(The Beatles - Ringo, George, John and Paul) Source
There has never been a more successful band in music history than The Beatles – who burst onto the world stage with their first album in 1963.
They broke record after record in the music industry. The public adored them. Women would scream and literally faint at the mere sight of them.
Yet, for all their glory and public adoration – they were unhappy.
They had achieved success beyond their wildest dreams, yet it just wasn’t enough. Something was missing. More money, material possessions and fame was not the answer.
But The Beatles were far from the only ones who had tasted extraordinary success and found it unsatisfying.
The most successful Olympian of all time, Michael Phelps, won a staggering 28 Olympic medals—23 of them gold. Yet, despite all the medals and accolades, Phelps struggled with depression and even seriously contemplated suicide.
We, humans, are obsessed with success. We live in a society that conditions us to view attaining success as the ultimate goal of life. It tells us to care about achieving success because it will give us what we truly want – to be happy and fulfilled.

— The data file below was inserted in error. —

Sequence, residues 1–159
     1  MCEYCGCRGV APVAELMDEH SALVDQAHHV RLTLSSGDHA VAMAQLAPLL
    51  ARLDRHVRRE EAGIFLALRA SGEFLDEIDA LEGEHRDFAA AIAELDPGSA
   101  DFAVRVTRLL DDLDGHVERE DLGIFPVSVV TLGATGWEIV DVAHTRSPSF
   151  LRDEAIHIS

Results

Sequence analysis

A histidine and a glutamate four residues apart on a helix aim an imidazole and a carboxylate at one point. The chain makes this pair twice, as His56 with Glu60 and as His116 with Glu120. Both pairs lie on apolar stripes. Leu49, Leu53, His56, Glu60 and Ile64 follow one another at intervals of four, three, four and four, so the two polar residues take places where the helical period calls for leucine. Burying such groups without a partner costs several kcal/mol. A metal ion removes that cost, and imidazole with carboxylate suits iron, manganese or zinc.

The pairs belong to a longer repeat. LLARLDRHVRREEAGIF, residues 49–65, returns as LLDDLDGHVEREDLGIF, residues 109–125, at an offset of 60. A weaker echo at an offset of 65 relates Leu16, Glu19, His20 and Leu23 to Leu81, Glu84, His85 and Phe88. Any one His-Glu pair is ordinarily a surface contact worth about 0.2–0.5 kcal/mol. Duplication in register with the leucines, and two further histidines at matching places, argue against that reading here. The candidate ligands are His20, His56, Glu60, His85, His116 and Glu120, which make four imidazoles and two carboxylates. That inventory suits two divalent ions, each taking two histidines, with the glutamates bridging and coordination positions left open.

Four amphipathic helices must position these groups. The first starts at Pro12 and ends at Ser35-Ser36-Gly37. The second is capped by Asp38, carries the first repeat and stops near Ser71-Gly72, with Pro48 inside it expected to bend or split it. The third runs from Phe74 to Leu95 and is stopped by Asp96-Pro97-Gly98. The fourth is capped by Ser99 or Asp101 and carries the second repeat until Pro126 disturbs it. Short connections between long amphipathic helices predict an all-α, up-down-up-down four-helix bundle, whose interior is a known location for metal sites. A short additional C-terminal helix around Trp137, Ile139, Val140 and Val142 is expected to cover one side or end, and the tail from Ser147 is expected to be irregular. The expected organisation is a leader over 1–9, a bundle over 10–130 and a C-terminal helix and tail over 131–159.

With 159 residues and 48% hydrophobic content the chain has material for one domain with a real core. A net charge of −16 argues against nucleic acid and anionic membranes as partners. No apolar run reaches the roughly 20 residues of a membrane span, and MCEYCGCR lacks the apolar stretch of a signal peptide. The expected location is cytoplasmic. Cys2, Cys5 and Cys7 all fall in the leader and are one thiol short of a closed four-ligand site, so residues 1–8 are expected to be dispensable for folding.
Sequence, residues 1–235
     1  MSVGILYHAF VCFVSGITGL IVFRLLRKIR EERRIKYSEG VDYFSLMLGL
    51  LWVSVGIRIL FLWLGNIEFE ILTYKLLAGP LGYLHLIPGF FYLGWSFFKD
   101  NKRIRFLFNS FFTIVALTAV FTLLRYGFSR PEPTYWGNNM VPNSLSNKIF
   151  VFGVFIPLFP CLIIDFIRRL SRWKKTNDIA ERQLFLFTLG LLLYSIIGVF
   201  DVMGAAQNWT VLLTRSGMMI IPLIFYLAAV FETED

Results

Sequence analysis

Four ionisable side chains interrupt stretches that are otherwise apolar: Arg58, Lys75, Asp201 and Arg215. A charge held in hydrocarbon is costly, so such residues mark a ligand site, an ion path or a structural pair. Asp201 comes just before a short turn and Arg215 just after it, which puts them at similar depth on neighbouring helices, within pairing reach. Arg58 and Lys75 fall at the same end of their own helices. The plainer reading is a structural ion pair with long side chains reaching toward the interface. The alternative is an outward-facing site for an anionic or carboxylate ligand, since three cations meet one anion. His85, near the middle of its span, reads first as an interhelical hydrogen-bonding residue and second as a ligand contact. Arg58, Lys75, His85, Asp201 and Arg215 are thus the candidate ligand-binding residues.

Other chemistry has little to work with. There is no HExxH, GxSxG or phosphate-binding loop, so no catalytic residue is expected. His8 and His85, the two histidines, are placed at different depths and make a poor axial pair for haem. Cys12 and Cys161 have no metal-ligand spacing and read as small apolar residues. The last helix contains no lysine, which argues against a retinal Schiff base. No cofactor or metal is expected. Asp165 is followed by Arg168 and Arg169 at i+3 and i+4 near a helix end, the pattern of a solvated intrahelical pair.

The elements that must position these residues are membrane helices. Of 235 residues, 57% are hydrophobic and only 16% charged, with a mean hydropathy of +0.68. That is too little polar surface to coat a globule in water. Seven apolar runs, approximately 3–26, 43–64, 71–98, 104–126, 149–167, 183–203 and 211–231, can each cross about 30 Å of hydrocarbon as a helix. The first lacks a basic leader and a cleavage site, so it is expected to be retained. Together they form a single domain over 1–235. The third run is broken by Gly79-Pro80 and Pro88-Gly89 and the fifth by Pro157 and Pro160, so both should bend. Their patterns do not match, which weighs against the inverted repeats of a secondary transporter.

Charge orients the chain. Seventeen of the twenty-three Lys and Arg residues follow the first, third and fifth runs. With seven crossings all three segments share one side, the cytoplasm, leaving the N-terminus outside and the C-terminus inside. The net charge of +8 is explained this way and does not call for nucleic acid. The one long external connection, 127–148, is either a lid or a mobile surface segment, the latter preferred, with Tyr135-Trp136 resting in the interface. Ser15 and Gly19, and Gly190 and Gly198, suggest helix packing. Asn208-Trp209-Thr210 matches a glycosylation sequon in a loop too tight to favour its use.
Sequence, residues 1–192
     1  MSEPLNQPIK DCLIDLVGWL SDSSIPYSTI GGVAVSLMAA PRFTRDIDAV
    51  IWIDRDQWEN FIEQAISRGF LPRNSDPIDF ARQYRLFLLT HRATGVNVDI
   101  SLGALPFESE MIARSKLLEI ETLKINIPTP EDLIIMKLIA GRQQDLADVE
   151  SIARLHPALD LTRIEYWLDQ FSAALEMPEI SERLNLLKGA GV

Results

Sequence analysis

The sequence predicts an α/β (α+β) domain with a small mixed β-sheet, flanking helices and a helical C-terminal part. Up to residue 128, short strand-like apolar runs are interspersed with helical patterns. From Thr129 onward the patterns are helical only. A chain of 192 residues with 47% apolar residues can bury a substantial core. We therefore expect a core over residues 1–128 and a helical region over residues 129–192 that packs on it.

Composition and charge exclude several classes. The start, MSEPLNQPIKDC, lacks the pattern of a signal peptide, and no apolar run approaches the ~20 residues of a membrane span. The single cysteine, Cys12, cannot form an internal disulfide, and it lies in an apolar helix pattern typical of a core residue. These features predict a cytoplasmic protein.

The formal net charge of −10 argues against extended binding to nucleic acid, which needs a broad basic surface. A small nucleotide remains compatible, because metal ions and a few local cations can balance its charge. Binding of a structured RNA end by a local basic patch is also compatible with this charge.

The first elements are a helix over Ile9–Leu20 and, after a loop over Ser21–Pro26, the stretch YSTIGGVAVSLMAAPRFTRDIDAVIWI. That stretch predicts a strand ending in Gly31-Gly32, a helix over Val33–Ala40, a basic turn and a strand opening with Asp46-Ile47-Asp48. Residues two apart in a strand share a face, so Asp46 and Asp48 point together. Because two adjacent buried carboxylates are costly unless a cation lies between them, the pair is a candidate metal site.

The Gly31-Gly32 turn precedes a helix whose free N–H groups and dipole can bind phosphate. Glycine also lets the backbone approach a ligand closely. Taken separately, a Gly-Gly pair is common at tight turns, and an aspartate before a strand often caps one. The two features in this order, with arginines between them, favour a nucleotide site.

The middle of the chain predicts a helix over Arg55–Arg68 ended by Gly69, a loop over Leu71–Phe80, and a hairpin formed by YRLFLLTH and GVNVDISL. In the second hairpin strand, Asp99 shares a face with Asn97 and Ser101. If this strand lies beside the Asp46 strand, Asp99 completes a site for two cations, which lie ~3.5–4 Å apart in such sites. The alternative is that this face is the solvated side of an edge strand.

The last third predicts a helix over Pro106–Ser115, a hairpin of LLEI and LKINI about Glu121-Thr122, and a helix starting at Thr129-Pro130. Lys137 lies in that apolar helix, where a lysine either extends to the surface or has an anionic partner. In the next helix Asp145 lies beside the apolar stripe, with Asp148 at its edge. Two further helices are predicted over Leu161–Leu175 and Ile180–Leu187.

But if history teaches one thing, it is that, attaining success never guarantees anything, least of all fulfilment and happiness.
The definition of being successful in our society typically centres on having wealth, material possessions, social status and being a high achiever.
But money can’t buy peace of mind or happiness, and neither can all the material possessions in the world – well, at least not in the long run.
One of the many myths propagated by our society is that achieving external glory and success translates to a lasting and fulfilling inner experience. But reality, as you can see from the examples of The Beatles and Michael Phelps is quite different.
Am I saying that being successful is a bad thing? Of course not. But don’t make attaining success your life’s goal or expect it will make you happy and magically solve your problems.
Now don’t take my word for it. Read about the lives of numerous others who have achieved extraordinary success and ultimately discovered – there’s more to life than this.
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